Apple Maps. Just typing the words can drive fear into the heart of any iOS lover.
OK, that might be a little extreme, but for the many users who were burned by Apple Maps with its introduction alongside iOS 6 back in 2012, the app doesn’t exactly bring up fond memories.
Apple Maps has improved a lot over the years. At WWDC in June, Apple made a point to note that its mapping app (which is installed by default) is used 3.5 times more than its closest competitor. That competitor, of course, would be Google Maps.
For a lot of users, Google Maps has become the preferred mapping app because it has features that Apple Maps just doesn’t. For instance, transit directions.
The original iOS Maps app (which was powered by Google Maps) had transit directions and this was a great way for users to get from place to place and plan routes, especially in cities like New York, where transit is incredibly important.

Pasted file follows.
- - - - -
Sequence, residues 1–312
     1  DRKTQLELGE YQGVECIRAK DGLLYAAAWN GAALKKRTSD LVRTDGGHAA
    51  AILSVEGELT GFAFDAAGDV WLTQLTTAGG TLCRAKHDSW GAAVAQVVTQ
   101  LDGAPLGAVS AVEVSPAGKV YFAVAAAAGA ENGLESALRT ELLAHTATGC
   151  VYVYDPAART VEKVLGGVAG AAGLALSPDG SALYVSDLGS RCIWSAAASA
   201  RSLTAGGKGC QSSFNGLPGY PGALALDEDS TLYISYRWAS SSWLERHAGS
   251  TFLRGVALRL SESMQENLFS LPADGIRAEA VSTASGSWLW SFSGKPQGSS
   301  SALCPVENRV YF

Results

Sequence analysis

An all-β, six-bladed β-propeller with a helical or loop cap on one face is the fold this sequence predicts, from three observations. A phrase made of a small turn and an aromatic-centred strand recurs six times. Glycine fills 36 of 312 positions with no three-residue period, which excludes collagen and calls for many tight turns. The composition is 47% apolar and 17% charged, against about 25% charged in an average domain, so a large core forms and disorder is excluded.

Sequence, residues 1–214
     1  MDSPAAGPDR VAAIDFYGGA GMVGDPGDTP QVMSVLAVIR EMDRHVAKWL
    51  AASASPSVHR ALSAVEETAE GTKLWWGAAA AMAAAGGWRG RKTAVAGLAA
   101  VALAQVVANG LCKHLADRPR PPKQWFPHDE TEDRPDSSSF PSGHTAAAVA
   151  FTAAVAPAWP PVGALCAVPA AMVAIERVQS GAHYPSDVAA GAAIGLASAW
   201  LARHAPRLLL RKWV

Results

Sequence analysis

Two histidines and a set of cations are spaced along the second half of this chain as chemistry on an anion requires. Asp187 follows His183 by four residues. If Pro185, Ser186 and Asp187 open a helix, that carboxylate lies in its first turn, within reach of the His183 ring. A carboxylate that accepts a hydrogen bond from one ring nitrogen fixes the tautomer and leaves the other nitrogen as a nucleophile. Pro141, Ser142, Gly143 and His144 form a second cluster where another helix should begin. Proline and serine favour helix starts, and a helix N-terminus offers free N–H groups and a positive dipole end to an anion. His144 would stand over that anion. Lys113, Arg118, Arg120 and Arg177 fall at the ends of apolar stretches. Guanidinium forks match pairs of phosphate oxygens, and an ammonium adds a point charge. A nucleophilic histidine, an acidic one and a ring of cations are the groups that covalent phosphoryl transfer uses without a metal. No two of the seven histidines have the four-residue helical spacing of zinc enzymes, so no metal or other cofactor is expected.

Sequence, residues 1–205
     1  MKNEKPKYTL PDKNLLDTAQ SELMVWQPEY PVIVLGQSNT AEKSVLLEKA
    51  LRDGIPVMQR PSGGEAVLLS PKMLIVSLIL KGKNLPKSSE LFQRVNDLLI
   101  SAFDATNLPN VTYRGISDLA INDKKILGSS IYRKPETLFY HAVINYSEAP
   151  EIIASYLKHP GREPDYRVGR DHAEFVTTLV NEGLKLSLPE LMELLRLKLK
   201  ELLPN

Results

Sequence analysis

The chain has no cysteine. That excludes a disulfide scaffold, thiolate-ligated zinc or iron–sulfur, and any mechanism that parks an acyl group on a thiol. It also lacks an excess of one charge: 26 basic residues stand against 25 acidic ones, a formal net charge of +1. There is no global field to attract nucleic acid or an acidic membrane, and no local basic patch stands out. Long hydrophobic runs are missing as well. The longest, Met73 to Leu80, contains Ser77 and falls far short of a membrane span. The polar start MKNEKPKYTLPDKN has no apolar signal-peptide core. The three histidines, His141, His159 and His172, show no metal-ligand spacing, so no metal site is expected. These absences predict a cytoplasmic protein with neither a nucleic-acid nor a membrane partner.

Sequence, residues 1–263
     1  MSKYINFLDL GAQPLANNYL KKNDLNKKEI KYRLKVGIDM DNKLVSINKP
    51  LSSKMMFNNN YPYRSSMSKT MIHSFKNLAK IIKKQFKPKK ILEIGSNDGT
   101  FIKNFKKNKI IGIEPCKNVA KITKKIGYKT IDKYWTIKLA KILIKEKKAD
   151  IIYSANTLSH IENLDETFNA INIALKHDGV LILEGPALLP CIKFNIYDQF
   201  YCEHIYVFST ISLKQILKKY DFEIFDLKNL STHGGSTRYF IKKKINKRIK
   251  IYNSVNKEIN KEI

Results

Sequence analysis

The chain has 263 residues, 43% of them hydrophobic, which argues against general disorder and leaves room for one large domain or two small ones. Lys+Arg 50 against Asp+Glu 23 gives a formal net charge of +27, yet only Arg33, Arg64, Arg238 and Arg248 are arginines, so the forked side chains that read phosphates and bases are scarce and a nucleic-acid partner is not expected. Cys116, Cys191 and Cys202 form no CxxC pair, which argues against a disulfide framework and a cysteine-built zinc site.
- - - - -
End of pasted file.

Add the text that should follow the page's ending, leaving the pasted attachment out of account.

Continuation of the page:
Although Apple allowed Apple Maps to link to third-party apps (including Google Maps) for transit directions, the lack of any native solution has held the app back.
In my personal life, I’ve switched from using Apple Maps to using Google Maps and CityMapper almost all the time.
But with iOS 9 coming soon, Apple is giving Maps new attention. Building off of some acquisitions (which include mapping services Embark and HopStop) and lots of additional TLC, it’s time to give Apple Maps another look.
Apple has added transit support to the last few public betas for iOS 9. Running the beta software on my iPhone, I decided to give the new transit-enabled Apple Maps a try in New York City to see if it could get me from place to place. More to the point, I want to know; Can it replace Google Maps?
Better place information and faster Handoff